Since its 1994, decision in Troupe v. May Department Stores Co., 20 F.3d 734 (7th Cir. 1994), the Seventh Circuit has instructed the district courts within its boundaries (including those in Illinois) to look for evidence that creates “a convincing mosaic of discrimination” in considering summary judgment motions in employment discrimination cases. After more than a decade of inconsistencies and criticisms of this approach, the Seventh Circuit has now abandoned this approach with its decision in the case Ortiz v. Werner Enterprises, Inc., decided August 19, 2016. The Seventh Circuit ruled that the sole test that should be applied in considering summary judgment motions in employment discrimination cases, “is simply whether the evidence would permit a reasonable fact finder to conclude that the Plaintiff’s race, ethnicity, sex, religion or other prescribed factor caused the discharge or other adverse employment action.” The Seventh Circuit’s ruling appears to be an attempt to bring some certainty to the summary judgment process in employment discrimination claims by abandoning the vague and inconsistent “convincing mosaic” approach.
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Werner Enterprises is a shipping company that provides freight brokerage services to its customers. Brokers for Werner would be responsible for finding a carrier for any customer’s load and then putting that shipment into the proprietary system maintained by Werner. Brokers were compensated through a base salary but would also earn a commission if they could generate a profit for Werner, i.e., locating carriers for the load who would charge less than Werner would charge the customer for moving the freight.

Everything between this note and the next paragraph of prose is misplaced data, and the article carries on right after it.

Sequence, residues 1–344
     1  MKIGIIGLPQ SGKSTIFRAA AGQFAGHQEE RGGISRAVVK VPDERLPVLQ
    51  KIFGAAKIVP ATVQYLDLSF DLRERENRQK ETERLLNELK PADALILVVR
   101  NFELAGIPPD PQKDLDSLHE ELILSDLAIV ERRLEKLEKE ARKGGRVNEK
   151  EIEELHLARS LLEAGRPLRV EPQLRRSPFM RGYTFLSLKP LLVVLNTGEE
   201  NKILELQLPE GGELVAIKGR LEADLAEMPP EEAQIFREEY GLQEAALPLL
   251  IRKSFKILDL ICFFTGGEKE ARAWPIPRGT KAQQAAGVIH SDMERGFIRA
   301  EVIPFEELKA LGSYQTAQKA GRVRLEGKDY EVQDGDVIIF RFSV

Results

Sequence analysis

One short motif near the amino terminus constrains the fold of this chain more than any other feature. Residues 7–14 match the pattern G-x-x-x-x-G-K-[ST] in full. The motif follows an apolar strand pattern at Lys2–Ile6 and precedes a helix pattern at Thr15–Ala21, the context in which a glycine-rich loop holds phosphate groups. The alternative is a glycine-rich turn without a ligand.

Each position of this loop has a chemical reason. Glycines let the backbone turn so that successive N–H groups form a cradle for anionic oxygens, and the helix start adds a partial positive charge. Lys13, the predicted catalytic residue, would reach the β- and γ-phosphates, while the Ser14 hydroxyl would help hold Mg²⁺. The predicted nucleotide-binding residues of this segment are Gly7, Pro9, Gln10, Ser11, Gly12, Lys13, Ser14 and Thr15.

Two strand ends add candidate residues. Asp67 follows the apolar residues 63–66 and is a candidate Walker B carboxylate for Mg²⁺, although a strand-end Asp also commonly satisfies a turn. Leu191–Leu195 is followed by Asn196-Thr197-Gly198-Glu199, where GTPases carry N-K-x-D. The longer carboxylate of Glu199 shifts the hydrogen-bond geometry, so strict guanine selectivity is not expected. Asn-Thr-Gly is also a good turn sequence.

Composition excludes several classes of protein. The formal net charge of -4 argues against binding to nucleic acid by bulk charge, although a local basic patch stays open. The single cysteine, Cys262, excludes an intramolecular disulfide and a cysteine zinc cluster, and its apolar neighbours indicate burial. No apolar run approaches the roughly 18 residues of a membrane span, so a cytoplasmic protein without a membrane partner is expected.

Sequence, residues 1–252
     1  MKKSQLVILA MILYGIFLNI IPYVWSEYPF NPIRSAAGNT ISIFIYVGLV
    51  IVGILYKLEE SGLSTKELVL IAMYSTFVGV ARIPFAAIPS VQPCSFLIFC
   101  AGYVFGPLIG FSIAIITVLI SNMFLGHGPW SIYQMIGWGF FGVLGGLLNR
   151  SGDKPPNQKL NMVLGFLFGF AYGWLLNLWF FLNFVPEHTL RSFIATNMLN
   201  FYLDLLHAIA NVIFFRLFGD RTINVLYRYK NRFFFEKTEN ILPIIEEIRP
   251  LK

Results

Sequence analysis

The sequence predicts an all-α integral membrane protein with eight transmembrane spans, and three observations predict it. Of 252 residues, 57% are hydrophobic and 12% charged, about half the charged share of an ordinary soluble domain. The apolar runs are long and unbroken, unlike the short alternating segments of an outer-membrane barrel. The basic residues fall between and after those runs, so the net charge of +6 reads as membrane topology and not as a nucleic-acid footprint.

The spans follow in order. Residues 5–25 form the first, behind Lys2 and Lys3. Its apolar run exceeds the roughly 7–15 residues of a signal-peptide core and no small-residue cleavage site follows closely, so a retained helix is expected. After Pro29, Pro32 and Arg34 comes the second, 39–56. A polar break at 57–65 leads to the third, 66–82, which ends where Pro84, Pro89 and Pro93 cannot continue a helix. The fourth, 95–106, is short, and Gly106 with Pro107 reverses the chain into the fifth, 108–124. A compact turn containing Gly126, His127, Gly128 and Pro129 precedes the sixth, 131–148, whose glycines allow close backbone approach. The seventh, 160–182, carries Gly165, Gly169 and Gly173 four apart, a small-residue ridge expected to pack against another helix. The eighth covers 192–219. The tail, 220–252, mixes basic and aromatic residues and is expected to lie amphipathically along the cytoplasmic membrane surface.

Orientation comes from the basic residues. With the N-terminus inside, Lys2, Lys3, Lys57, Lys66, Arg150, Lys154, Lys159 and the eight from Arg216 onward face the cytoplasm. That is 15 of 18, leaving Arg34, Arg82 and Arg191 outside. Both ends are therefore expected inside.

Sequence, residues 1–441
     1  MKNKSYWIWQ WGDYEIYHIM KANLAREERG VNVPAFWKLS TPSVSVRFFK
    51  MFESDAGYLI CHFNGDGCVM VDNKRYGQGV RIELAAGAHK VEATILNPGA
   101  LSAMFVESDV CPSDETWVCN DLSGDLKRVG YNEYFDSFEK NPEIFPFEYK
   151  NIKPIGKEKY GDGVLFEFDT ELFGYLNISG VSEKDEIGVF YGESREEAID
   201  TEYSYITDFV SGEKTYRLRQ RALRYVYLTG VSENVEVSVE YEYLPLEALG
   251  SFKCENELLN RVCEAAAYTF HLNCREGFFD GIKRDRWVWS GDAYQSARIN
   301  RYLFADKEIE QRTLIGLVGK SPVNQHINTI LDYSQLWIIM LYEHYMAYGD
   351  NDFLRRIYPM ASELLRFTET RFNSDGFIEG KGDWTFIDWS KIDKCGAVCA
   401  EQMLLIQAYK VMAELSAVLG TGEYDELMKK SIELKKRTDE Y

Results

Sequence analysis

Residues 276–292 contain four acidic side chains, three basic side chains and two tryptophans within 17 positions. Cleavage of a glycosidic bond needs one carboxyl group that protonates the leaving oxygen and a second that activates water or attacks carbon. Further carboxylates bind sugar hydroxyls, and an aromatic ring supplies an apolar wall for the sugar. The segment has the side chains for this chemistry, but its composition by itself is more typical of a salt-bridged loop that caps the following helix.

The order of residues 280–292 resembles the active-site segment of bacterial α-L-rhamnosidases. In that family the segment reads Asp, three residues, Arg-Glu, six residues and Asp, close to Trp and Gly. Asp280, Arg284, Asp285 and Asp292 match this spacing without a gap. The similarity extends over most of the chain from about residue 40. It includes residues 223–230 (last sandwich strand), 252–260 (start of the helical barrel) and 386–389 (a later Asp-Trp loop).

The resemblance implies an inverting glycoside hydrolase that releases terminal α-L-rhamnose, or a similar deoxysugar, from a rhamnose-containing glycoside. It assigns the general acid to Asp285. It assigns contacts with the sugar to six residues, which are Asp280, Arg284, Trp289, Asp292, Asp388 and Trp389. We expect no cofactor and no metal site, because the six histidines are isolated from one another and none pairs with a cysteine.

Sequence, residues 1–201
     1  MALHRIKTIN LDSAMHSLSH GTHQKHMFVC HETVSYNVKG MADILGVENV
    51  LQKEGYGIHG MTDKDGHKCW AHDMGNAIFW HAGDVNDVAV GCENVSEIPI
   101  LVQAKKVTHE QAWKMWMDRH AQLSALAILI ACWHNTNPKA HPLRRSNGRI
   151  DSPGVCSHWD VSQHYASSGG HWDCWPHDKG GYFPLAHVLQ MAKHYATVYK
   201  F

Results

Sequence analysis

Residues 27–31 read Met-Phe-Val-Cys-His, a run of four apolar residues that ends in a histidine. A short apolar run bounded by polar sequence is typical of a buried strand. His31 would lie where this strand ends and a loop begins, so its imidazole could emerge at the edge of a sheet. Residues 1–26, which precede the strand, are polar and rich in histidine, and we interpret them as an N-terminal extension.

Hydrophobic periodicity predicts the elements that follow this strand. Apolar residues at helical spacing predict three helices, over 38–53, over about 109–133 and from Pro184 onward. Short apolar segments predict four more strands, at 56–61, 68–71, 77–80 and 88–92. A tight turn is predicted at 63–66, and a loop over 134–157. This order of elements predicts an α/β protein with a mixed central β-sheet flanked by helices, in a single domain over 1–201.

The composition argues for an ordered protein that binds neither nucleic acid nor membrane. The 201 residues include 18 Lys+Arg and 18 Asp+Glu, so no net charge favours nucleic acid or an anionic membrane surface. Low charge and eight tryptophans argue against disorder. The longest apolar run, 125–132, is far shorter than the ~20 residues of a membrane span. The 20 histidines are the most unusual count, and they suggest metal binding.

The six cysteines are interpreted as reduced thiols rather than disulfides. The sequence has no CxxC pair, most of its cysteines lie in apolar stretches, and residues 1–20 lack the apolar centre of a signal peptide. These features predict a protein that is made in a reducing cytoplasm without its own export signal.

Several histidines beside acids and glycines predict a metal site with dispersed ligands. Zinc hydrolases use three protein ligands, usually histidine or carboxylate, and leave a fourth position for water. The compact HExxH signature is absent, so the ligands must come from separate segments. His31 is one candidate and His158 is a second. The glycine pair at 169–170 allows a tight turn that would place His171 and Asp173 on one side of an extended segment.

Henry Ortiz was employed as one of the brokers for Werner. Given some inequities in its commission system, Werner revamped its process and assigned various brokers to certain regions. Ortiz was assigned to the “West Region,” which may have been less profitable than the other regions due to some region-specific factors.
Ortiz alleged that his branch’s assistant manager would book “unprofitable” loads under his name so that he would be penalized under the commission system. Ortiz claimed that he was not notified of these bookings by the assistant branch manager nor did he have time to locate a cheaper carrier for the booked loads. After he learned about these bookings, he updated the system to either remove his name as being the broker for the unprofitable loads or made notes that the carriers had agreed to cheaper rates. He then left on vacation and when he returned, he was informed that he was being terminated for falsifying Werner’s records.
Ortiz claimed that it was common among Werner’s brokers to notify each other when they were booking “unprofitable loads” in another broker’s name and that they would sometimes remove their names as having booked such loads to avoid being penalized under the commission system. Ortiz also claimed that the assistant branch manager and the branch manager frequently called him racial slurs and that his termination was racially motivated rather than the stated reason for falsifying records.